2004/05 Support Budget

Special Funds

Auxiliary Programs

Special FundsAuxiliary organizations are separate legal entities authorized in the Education Code to provide essential services to students and employees. They operate in association with campuses pursuant to special written agreements, and are authorized to perform specific functions that contribute to the educational mission of the campus.

CSU auxiliary organizations have been in existence for many decades as a necessary supplement to State-supported instructional and administrative activities. The first organization, the Fresno State College Association, was established in 1922. Student associations have operated at San José, San Diego, San Luis Obispo, Chico, Fresno, and other campuses since the early 1920s. The growth of auxiliary organizations has paralleled the growth in size and complexity of CSU.

These organizations are subject to applicable State and federal laws and regulations. In addition, they operate within the policies established by the Board of Trustees, the chancellor, and campuses. As of the beginning of the 2003 fall term, there were 84 auxiliary organizations, with one to five per campus, and three systemwide auxiliary organizations. Most of these organizations can be grouped into five major functional categories.

  1. Associated Student Body Organizations These are student-run organizations that operate such extracurricular activities as student government, student newspapers, athletics, cultural programs, and many other student activities related to the overall educational mission of the campus.
  2. Special Educational Projects These organizations administer projects that have a direct relationship to the educational process of the campuses and are funded by numerous sources. Major sources of support come from federal, State and private grants and contracts. Projects are designed to meet the needs of the program sponsor and campus programs.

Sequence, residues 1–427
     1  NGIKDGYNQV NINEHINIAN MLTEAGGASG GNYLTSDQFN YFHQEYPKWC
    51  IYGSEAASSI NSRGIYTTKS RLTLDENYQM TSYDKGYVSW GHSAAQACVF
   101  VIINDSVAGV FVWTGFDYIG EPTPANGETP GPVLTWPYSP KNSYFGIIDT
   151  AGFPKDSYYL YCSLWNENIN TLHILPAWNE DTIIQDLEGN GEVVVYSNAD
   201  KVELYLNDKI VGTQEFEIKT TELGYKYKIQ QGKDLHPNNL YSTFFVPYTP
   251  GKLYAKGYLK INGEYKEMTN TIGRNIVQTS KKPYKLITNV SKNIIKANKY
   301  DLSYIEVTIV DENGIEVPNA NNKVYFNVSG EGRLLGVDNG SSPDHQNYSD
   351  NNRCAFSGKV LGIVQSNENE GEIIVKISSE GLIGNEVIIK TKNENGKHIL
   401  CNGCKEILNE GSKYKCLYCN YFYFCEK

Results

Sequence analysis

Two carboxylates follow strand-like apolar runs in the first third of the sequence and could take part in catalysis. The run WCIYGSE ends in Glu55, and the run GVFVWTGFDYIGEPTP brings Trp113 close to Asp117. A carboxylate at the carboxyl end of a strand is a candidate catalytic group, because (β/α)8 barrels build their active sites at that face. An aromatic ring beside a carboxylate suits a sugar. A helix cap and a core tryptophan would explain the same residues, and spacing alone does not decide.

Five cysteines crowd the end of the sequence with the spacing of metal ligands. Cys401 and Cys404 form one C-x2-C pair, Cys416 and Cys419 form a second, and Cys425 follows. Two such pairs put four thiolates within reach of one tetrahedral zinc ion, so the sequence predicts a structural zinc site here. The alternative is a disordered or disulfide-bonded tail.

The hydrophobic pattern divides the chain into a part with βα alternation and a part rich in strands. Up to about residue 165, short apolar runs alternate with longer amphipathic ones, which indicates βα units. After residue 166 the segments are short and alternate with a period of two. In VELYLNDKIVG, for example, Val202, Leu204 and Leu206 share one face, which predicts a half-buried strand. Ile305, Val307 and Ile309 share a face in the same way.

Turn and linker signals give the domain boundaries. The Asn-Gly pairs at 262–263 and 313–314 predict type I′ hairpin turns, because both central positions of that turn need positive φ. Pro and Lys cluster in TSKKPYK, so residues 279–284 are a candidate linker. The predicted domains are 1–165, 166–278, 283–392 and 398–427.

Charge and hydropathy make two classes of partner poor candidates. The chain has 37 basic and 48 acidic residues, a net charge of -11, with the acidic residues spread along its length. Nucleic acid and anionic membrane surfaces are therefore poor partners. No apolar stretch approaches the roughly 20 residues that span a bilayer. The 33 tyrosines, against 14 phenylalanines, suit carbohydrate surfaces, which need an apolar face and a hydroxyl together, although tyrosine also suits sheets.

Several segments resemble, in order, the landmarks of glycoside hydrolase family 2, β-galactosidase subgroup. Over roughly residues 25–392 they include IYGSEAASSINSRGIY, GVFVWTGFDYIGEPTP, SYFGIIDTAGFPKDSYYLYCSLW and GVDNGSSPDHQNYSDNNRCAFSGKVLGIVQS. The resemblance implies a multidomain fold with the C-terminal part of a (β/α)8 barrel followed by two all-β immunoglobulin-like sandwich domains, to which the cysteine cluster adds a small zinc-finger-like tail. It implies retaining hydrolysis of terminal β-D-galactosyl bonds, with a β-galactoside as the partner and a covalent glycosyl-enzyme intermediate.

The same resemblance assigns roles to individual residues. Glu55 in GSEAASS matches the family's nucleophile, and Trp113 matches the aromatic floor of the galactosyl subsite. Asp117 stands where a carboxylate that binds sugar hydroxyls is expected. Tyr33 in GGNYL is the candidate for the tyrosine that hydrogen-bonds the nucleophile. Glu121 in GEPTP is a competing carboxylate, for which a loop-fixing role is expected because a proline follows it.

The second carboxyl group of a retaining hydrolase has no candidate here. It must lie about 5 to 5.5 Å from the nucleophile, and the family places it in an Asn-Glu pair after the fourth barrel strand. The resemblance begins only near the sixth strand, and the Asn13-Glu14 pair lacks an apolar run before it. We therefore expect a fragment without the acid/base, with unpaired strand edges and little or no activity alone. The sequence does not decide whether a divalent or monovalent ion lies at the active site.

3. Student Union Operations Student union fees collected by the campus are deposited in the Dormitory Revenue Fund Union account to pay for the principal, interest, and other costs of the building. Any surpluses remaining from the student union fees after the bond and other costs are met may become available to the student union auxiliary organization to pay operating expenses.
  4. Commercial Activities These activities consist mostly of the operation of bookstores, food service, and agricultural projects. Agrarian activities are particularly important to campuses offering instruction involving direct experience with farms, cattle, poultry, etc.
  5. Development Activities These organizations primarily administer programs related to the management of gifts, bequests, devices, endowments, trusts, and similar funds, as well as programs related to public relations, fund-raising, fund management, and similar development programs.

The auxiliary organizations must be self-supporting. They do not receive funding from General Fund sources. They derive revenue from various non-State sources such as contractual arrangements (e.g., federal government), general assessments (e.g., student body fees), and commercial operations (e.g., bookstores). Pursuant to existing laws and policies, the materials, facilities, and services provided by the campus to these separate entities are paid for by the auxiliary organization. Revenue in excess of expenditures for a given period is used to establish working capital and reserves, and to pay for capital expenditures or special campus programs.

All auxiliary organization financial activity is reported yearly. Financial reports are audited annually and later incorporated in the systemwide CSU audited financial Statements.

Parking Program

Special FundsThe Parking Program provides campus-parking facilities as authorized under the provisions of Section 89701 of the Education Code. The program itself is self-supporting and derives most of its revenues from parking fees paid by students, faculty, staff and visitors. Additional income is available from interest on retained earnings.

Consistent with CSU objectives for increased accountability at the campus levels, management of all operations of the parking program is decentralized to the campus level. Parking fee revenue is deposited by campus to a campus-specific parking fund, and campuses have the authority to expend those funds directly. Campus spending of the parking fee revenue is restricted to the acquisition, construction and maintenance of campus parking facilities. Revenues for 2004/05 are projected to be $60 million. The projected revenue will be sufficient to cover operating expenditures as well as transfers for debt service payments of bond principal and interest.